Later this year, the Diamond Jubilee weekend will begin with a July 3 fundraising gala at 6 p.m. Tickets are available now through the village. A special room honoring George Honig is set for dedication that evening. On July 4, a free old-fashioned community ice cream social willl precede the city fireworks display. The Rockport Community Band will play a patriotic concert before the fireworks.

The History

"The Village (opened in 1935) was one of the first living historical attractions in the United States," Finecy said. Williamsburg, Va., began in the late 1920s, and New Salem, Ill., where Lincoln lived as a young man started in 1930. The Nancy Hanks Lincoln State Park, now the site of the Lincoln Boyhood Home, opened in 1930.

Finecy gained experience working at the Col. Wm. Jones State Historic Site near Gentryville, Ind., and the Farmington Mansion in Louisville, Ky.

Col. William Jones was a seminal figure among Lincoln's Indiana neighbors. A storekeeper and state legislator in the Indiana Whig party, Jones reportedly influenced Lincoln toward a life in the law.

Farmington is the home of Joshua Speed, whom Lincoln met in Springfield, and who remained a lifelong friend.

"President Franklin Roosevelt created the Works Progress Administration. Because of the WPA, Spencer County was able to build the Village. The WPA furnished the labor and the funding to support labor, but the materials and artifacts had to be donated," Finecy said. "In the early 1930s there was a very successful fundraising effort locally to get the logs for the cabins as well as items to furnish the cabins."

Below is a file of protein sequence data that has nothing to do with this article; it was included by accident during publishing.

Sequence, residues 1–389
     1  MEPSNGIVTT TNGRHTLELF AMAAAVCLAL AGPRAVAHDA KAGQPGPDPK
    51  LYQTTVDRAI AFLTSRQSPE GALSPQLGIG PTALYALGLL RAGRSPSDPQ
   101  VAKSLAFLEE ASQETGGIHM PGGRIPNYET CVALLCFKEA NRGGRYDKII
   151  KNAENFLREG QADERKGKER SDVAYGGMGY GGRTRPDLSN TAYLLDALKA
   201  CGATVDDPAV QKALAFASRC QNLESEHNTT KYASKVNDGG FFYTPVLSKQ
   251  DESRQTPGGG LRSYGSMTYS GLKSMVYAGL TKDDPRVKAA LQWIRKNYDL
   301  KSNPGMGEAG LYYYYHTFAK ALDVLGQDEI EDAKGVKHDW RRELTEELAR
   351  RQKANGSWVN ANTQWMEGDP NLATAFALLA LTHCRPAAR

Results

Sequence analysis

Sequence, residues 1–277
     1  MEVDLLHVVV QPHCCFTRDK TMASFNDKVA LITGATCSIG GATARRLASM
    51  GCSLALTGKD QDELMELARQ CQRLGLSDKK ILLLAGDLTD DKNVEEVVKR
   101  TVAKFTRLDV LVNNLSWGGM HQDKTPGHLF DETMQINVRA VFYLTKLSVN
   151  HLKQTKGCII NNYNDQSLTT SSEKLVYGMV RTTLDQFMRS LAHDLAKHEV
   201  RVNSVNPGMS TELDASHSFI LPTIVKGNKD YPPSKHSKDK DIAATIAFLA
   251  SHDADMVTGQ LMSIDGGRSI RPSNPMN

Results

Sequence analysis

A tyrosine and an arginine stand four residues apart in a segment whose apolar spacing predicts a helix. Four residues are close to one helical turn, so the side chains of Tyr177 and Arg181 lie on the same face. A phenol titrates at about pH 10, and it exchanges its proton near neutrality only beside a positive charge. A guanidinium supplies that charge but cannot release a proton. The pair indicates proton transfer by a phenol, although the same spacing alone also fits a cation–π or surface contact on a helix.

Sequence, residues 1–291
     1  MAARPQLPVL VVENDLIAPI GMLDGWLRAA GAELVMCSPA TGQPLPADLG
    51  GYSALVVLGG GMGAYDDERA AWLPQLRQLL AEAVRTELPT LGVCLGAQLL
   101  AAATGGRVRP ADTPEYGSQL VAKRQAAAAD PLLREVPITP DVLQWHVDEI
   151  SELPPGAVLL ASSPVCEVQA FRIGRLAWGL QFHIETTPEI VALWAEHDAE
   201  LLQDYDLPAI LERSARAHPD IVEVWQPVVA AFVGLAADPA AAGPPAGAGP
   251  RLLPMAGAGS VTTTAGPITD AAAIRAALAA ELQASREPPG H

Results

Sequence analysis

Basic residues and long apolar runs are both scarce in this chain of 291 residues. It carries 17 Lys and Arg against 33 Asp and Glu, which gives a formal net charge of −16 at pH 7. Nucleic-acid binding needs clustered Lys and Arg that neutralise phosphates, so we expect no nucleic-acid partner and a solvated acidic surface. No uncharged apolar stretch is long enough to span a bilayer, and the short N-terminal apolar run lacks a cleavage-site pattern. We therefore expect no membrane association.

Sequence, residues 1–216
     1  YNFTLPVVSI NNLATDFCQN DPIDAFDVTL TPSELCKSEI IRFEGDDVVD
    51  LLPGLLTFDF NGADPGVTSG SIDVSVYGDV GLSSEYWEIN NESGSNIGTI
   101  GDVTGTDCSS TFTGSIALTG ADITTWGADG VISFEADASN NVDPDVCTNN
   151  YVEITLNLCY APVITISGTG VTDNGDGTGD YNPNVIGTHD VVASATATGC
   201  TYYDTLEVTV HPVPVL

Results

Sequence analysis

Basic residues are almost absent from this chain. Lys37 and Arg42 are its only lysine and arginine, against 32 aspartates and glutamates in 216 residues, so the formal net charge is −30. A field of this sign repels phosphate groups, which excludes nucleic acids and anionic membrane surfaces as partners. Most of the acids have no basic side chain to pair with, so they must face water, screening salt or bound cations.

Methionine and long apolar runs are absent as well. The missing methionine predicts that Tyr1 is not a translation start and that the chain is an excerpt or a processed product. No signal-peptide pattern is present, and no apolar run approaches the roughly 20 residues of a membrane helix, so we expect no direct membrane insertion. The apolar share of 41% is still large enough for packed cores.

The fund drive solicited donations of old cabins and logs. Most of the cabins were constructed with fresh logs from the early '30s.

The 4 acres given by the city of Rockport served as the county fairgrounds for many years. A detailed miniature of the fairground building is now displayed in the Village museum. Finecy said a few visitors remember the iconic white building and stables "where they showed their 4-H projects."

Tickets on opening day cost ten cents a person.

The collection:

The museum features numerous mementos and newspaper clippings about the opening day.

"Though the Village opened at the height of the Great Depression, there was major community support for years and years," Finecy said.

In 1951, citizens and the Spencer County Historical Society wanted historic relics and artifacts housed in the courthouse moved closer to the village.

The all-volunteer group built the present museum building, which was advertised as fireproof.

Community support waxed and waned over the next 55 years until formation of a new group, the Friends of the Rockport Lincoln Pioneer Village.

In the fall of 2009, with the nudging of the new group, the city of Rockport extended a five-year financial support plan, including funds for professional staff and marketing activities. Diane Unfried, post master of the U.S. Post Office at Lynnville, serves as president of the 12-member friends group.